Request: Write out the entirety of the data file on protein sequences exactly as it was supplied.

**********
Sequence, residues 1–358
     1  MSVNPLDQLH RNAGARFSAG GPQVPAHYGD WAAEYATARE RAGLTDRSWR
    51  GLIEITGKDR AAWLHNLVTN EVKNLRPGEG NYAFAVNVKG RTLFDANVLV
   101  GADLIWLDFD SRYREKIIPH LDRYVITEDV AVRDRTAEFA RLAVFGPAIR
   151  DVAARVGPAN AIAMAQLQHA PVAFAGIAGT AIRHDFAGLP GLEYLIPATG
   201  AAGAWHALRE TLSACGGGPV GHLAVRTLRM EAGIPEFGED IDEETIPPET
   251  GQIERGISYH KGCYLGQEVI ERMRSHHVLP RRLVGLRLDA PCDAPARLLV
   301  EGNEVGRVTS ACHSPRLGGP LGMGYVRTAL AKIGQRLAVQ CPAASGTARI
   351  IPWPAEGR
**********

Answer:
Sequence, residues 1–358
     1  MSVNPLDQLH RNAGARFSAG GPQVPAHYGD WAAEYATARE RAGLTDRSWR
    51  GLIEITGKDR AAWLHNLVTN EVKNLRPGEG NYAFAVNVKG RTLFDANVLV
   101  GADLIWLDFD SRYREKIIPH LDRYVITEDV AVRDRTAEFA RLAVFGPAIR
   151  DVAARVGPAN AIAMAQLQHA PVAFAGIAGT AIRHDFAGLP GLEYLIPATG
   201  AAGAWHALRE TLSACGGGPV GHLAVRTLRM EAGIPEFGED IDEETIPPET
   251  GQIERGISYH KGCYLGQEVI ERMRSHHVLP RRLVGLRLDA PCDAPARLLV
   301  EGNEVGRVTS ACHSPRLGGP LGMGYVRTAL AKIGQRLAVQ CPAASGTARI
   351  IPWPAEGR